- Addendum: Actually, I should say it’s not just this discussion that sparked this thought. I’ve noticed a few other negative references to Tax credits as a sort of corporate welfare emerging from the left, so I’m not just trying to pick on Polly! eg Twitter also suggested that it was a point made by Owen Jones on Newsnight last night, -though I don’t watch Newsnight, so don’t know if that’s quite right or misreported!-, and it’s been mentioned in a few other leftish articles and blog posts recently [↩]
- Conversely of course, as this US study points out, Tax credits can by increasing the Labour supply, lead to lower wages for young single men. The minimum wage should offset that, but if it is set too high, it could cause a double whammy for this group- increased labour supply at the higher minimum wage level, plus fewer jobs available due to employment effect= lower employment [↩]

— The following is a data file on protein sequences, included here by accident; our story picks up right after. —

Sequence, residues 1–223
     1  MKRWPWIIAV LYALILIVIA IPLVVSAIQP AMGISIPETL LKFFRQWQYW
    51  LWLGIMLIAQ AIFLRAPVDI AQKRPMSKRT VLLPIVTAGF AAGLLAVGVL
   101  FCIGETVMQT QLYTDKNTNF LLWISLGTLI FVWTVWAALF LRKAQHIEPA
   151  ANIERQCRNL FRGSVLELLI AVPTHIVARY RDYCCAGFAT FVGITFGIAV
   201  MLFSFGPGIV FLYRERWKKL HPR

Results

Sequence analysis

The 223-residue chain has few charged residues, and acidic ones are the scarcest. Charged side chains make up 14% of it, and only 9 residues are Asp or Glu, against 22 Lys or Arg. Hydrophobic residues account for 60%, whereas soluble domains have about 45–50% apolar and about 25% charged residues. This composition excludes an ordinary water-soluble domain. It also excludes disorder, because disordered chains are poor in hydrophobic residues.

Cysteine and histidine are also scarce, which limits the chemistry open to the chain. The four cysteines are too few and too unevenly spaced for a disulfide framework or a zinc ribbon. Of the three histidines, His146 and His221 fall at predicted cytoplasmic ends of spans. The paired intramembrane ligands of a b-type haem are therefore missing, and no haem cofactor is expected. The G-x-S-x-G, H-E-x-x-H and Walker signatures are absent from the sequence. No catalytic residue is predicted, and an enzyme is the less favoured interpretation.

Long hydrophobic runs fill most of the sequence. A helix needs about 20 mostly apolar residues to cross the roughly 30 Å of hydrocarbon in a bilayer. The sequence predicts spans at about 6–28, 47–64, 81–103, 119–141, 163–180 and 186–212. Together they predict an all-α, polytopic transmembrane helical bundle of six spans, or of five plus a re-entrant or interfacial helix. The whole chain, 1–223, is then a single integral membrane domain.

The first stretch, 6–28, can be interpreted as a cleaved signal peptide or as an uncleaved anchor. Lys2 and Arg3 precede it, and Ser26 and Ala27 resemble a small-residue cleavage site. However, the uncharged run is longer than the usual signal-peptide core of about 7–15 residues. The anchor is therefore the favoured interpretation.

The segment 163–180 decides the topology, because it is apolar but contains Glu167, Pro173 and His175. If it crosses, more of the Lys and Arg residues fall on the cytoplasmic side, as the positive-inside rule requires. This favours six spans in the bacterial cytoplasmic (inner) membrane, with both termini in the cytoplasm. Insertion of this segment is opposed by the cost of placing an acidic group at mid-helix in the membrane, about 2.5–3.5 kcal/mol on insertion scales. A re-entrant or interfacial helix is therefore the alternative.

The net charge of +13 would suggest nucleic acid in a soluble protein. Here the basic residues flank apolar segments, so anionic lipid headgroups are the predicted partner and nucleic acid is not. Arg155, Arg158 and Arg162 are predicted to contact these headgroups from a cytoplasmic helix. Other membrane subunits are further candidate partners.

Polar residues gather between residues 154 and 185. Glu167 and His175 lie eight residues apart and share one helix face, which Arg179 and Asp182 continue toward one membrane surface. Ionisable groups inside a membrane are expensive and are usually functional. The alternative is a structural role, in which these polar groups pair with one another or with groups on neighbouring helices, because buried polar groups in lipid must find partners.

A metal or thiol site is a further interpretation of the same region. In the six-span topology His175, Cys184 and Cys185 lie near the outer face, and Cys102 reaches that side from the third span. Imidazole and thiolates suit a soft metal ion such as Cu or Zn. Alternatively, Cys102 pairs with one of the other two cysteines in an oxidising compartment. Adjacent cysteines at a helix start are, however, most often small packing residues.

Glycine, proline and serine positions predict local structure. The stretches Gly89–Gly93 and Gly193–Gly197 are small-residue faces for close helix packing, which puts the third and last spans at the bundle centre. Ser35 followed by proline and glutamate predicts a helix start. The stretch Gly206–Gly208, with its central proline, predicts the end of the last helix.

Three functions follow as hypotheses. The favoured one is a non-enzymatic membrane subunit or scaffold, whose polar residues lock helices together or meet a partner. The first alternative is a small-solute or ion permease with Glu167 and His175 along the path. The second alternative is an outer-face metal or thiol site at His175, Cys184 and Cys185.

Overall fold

- plus of course there are other consequences of imposing a high minimum wage on the jobs market. I don’t know what the current impact on unemployment of a Living wage level minimum wage is, but I’m assuming it’s not a gimme, or leftish economists would be proposing it everywhere. This research by Matthew Pennycook seems to suggest that there would be substantial costs to certain sectors, which might impact employment levels, but with a markedly reduced cost if introduced at 90% of LW [↩]
- Or at least, freeing up the resources to be used elsewhere in combatting poverty [↩]
- and to be fair, increasing wages without negative employment effects would be pretty difficult at the moment [↩]